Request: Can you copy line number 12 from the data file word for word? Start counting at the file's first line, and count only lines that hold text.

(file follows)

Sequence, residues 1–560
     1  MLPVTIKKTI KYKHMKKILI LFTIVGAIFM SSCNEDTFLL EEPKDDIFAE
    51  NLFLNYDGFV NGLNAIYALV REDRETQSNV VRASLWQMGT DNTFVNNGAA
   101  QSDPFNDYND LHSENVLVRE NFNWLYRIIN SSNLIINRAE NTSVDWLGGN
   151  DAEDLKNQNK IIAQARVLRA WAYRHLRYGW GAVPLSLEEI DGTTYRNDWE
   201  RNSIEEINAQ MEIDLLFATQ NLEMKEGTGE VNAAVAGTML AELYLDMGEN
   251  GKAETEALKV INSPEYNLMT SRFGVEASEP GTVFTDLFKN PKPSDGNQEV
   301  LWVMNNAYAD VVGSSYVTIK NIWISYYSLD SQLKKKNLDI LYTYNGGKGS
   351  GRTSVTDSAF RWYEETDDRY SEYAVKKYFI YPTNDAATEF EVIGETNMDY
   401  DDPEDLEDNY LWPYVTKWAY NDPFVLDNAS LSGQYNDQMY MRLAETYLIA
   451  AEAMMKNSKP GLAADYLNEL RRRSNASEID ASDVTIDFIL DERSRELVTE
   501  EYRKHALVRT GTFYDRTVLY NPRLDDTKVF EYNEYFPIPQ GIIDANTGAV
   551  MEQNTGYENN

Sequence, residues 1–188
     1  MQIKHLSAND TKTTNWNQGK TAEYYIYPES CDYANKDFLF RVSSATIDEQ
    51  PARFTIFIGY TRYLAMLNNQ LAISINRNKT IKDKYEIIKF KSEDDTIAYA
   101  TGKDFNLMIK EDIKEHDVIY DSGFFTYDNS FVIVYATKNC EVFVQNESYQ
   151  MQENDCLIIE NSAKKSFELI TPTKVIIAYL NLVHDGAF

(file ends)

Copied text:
   501  EYRKHALVRT GTFYDRTVLY NPRLDDTKVF EYNEYFPIPQ GIIDANTGAV